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Jan 03

The Last Jedi

The Last Jedi is divisive. Most people liked it, some people absolutely loved it, and many people absolutely hate it. Most of the hate comes from people who think that the movie wasn’t enough like the other Star Wars movies, and that the way it was different tarnishes the value of those films. They are right that the movie is an attack on much of what people value about the other Star Wars movies. They are wrong to think that this makes it bad. The Last Jedi is the best Star Wars movie ever made. And it is that precisely because of how it differs from the others.

Before I explain what is great about The Last Jedi, I want to address a few complaints about it that don’t connect directly to how it differs from the rest of the films. First, some people didn’t like the force-skyping in the movie, claiming that it is a crazy addition to force powers that was only there to serve the plot. This complaint is weird. Projecting an image of yourself is a skill that dead Jedi have been doing since Empire came out. Projecting a voice is something that dead and living Jedi have been doing since the beginning. The idea that living Jedi could acquire the skill to not just phone one another, but to project images to one another is not an odd addition to the existing skill set.

Then there are the two scenes people find just silly: Mary Poppins Leia and the casino scene. These were, admittedly, at least a little silly. The demonstration that Leia hasn’t just been sitting around lazily failing to develop Jedi powers is a good addition to the movie. Even bringing herself back into the ship was a fine way to show it. I think the visual was the problem here. It looked silly. The casino scene also had some silly elements. The two biggest ones were that they got arrested for illegal parking, and that magically 2 different expert code breakers were in the same place and they just happened to get thrown into a cell with the second one. The rest of the scene, though rushed, was good. It was a way to connect the rest of the movie to the larger universe and it was central to both Finn’s development and the ending of the film. For a movie with so much going on, one rushed scene isn’t a big complaint.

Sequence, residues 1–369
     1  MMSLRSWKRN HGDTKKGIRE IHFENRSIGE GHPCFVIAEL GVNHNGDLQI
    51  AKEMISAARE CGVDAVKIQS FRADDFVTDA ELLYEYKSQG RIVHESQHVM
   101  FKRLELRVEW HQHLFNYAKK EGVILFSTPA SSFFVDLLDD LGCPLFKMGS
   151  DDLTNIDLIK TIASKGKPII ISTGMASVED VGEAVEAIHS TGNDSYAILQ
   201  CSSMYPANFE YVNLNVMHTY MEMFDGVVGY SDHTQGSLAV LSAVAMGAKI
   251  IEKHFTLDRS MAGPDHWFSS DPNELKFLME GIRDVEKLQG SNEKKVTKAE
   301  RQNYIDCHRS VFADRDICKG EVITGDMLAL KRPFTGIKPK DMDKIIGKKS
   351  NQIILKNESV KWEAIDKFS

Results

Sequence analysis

Some people also complained about the porgs. The porgs were cute. The scene with Chewie not eating one was hilarious. Their inclusion was also a necessity of filming, as they were actually CGI-ed puffins, who they couldn’t disturb and who lived on the island where they filmed. Some people complained about not getting Snoke’s backstory. We didn’t get the Emperor’s backstory in the original trilogy, either. I’m not sure why people expected one. But it’s also worth pointing out that there are future movies that can fill this in still. Some had the same complaint about Captain Phasma. But this series’ Boba Fett had as much backstory as the original. It’s not one movie’s job to satisfy the curiosity of every potential viewer on every potential point.